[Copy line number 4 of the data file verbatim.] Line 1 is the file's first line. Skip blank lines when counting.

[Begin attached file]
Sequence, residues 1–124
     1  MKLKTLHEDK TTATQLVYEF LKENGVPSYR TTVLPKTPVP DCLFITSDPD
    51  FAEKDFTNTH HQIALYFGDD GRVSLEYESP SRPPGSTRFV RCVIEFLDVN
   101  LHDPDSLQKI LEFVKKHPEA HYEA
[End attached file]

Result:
   101  LHDPDSLQKI LEFVKKHPEA HYEA